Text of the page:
Tens of thousands of festival-goers were stranded Sunday in
deep mud in the Nevada desert after rain turned the annual Burning Man
gathering into a quagmire, with police investigating one death.
Video footage showed costume-wearing "burners" struggling across the wet grey-brown site, some using trash bags as makeshift boots, while many vehicles were stuck in the sludge.
All events at the counterculture festival, which drew some 70,000 people, were cancelled after rain tore down structures for dance parties, art installations and other entertainment.
Police said they were probing one death, without giving further details.
Road gates in and out of the Black Rock City venue were closed, but some desperate attendees trudged on foot for hours to reach the nearest road and hitch a lift out.
"It was an incredibly harrowing 6 mile (10 kilometre) hike at midnight through heavy and slippery mud, but I got safely out," lawyer Neal Katyal said on social media.
"It is very slippery and the mud is like cement and sticks to your boots. No one should try this unless in good shape and part of a group. These are dangerous conditions to hike and will likely get worse."
Festival crowds were asked to shelter in place and conserve food and water after the heavy rains started Friday night, with more downpours forecast on Sunday.
"You can't really walk or drive," a young woman with dreadlocks named Christine Lee, a circus performer, said on TikTok. Internet service was not available or patchy, she said.
"My boots are five inches, and the mud became five inches so I was kind of on stilts," Lee said, adding people were being told they may be stuck until Tuesday.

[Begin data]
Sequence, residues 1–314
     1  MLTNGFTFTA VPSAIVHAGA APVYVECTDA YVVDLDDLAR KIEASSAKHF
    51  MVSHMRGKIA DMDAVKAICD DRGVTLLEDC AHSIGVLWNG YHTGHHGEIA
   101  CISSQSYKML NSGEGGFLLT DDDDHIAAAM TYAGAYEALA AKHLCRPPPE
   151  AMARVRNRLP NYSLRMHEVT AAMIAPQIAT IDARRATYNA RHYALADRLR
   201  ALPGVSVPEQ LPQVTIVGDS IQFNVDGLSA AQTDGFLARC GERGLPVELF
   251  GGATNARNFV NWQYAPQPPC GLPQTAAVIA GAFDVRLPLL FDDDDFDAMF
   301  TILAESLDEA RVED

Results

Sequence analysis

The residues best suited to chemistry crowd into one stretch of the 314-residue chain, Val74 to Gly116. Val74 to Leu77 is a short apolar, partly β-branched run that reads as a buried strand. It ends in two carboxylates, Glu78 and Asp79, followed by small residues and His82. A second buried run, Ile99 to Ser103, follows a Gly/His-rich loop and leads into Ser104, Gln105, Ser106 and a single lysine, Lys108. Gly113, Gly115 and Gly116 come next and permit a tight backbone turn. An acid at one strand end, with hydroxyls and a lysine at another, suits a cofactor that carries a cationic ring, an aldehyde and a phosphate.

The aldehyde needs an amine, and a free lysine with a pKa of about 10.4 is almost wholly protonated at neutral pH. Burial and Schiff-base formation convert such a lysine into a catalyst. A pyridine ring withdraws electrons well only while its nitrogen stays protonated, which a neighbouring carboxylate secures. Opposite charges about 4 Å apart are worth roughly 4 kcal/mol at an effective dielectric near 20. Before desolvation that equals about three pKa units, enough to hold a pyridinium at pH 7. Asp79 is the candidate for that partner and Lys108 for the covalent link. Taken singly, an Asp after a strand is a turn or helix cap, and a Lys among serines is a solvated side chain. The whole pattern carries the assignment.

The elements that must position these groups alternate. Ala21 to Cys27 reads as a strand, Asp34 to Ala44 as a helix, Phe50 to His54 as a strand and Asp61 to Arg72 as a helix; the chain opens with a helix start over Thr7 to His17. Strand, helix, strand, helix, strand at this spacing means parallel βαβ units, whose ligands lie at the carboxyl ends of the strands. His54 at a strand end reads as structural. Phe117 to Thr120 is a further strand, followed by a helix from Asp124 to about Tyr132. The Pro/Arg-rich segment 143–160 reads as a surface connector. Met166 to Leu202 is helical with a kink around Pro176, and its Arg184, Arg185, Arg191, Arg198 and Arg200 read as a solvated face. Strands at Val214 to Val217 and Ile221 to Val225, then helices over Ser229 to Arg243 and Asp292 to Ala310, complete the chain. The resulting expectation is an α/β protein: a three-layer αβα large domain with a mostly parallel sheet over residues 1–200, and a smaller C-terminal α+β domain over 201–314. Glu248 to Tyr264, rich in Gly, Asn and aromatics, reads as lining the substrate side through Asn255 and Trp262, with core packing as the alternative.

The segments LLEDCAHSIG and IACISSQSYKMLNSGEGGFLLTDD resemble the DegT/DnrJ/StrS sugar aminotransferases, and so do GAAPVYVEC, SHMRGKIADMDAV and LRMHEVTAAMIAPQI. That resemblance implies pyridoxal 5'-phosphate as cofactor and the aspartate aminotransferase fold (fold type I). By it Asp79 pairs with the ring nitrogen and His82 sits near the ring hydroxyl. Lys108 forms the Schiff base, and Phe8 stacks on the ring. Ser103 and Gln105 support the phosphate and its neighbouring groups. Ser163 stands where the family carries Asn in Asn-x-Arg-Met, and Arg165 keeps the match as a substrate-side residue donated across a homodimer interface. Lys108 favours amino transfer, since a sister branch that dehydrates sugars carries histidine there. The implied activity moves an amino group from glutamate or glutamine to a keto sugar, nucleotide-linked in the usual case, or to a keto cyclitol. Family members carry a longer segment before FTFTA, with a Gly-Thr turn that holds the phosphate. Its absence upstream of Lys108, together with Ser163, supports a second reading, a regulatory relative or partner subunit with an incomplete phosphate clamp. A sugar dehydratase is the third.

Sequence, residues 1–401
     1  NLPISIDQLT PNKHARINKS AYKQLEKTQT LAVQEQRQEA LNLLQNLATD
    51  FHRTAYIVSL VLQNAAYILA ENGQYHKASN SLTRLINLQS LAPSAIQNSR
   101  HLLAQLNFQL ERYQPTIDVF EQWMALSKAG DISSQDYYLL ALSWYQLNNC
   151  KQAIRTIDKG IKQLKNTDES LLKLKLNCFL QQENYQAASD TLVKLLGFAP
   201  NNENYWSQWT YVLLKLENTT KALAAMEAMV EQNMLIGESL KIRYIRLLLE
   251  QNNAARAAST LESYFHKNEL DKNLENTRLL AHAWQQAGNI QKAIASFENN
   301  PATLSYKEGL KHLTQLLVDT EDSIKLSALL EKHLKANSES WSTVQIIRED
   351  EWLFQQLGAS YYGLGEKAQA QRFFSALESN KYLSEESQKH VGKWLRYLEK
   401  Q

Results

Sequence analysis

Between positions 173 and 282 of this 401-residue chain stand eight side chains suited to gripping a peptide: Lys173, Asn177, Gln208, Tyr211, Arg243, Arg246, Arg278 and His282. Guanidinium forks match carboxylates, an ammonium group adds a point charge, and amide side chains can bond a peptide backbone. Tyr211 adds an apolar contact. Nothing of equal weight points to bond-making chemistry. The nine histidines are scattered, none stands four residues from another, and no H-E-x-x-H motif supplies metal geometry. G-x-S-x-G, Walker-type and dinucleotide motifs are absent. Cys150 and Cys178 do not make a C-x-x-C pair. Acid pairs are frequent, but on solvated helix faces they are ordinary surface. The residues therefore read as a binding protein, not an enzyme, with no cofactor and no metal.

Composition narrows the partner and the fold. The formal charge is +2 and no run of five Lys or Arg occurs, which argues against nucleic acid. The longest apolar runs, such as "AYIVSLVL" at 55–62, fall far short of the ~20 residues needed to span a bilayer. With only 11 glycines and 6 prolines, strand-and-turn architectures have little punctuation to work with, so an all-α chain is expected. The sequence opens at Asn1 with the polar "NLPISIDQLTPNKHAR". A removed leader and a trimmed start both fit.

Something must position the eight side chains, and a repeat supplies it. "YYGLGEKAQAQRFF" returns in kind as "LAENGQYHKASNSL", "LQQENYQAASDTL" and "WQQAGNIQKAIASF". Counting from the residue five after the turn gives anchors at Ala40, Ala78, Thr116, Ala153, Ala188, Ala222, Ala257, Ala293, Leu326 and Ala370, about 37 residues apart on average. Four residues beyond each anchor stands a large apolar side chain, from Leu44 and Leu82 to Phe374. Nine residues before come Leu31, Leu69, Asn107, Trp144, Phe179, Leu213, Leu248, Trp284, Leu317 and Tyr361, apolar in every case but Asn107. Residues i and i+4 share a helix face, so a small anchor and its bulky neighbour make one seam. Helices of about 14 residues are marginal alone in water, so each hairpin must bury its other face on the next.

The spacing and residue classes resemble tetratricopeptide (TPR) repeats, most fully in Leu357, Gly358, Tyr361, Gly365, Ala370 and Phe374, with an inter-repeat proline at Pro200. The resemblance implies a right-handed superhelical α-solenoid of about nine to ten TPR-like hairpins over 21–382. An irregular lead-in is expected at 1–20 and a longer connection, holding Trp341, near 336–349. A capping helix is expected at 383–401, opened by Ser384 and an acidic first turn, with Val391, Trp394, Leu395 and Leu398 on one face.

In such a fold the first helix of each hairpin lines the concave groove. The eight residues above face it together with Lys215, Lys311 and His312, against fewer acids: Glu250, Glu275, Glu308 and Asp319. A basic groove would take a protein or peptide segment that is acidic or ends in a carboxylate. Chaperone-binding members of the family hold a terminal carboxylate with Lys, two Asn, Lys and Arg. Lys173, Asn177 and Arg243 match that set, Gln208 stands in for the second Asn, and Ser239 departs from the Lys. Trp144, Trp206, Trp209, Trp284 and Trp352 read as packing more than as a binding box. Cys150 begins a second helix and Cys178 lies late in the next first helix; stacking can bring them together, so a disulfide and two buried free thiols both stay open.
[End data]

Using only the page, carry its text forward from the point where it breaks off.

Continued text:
"We have enough tuna for a week so we're OK."
A video posted on social media showed comedian Chris Rock hitching a ride in the back of a pickup truck after managing to leave.
Pershing County Sheriff's Sargent Nathan Carmichael told CNN the conditions are difficult.
The muck "seems to stick to people, stick to tires (and) makes it very, very difficult to move vehicles around," he said, adding that most RV motorhomes were stranded.
Organizers urged festivalgoers to "conserve food, water and fuel, and shelter in a warm, safe space," saying the "playa" – the huge open-air esplanade where the event unfolds – was impassable.
"Look out for your neighbours, introduce yourself," they added.
The festival was scheduled to conclude on Monday.
The organizers warned only some four-wheel drive vehicles with all-terrain tires were able to move.
"Anything less than that will get stuck. It will hamper exodus if we have cars stuck on roads in our camping areas, or on the Gate Road out of the city," they said on a "2023 Wet Playa Survival Guide" special webpage.
If necessary, they said it was possible to walk to the nearest road, where buses would be provided to take people to Reno.
Mobile cellphone trailers were being deployed and the site's wireless internet was opened for public access.
"We have done table-top drills for events like this. We are engaged full-time on all aspects of safety," organizers said.
Last year, the festival contended with an intense heat wave and strong winds.
Launched in 1986 in San Francisco, Burning Man aims to be an undefinable event, somewhere between a celebration of counterculture and a spiritual retreat.
The festival – for which tickets cost hundreds of dollars – culminates each year with the ceremonial burning of a 40-foot (12-meter) effigy.
It has been held since the 1990s in the Black Rock Desert, a protected area in northwest Nevada, which the organizers are committed to preserving.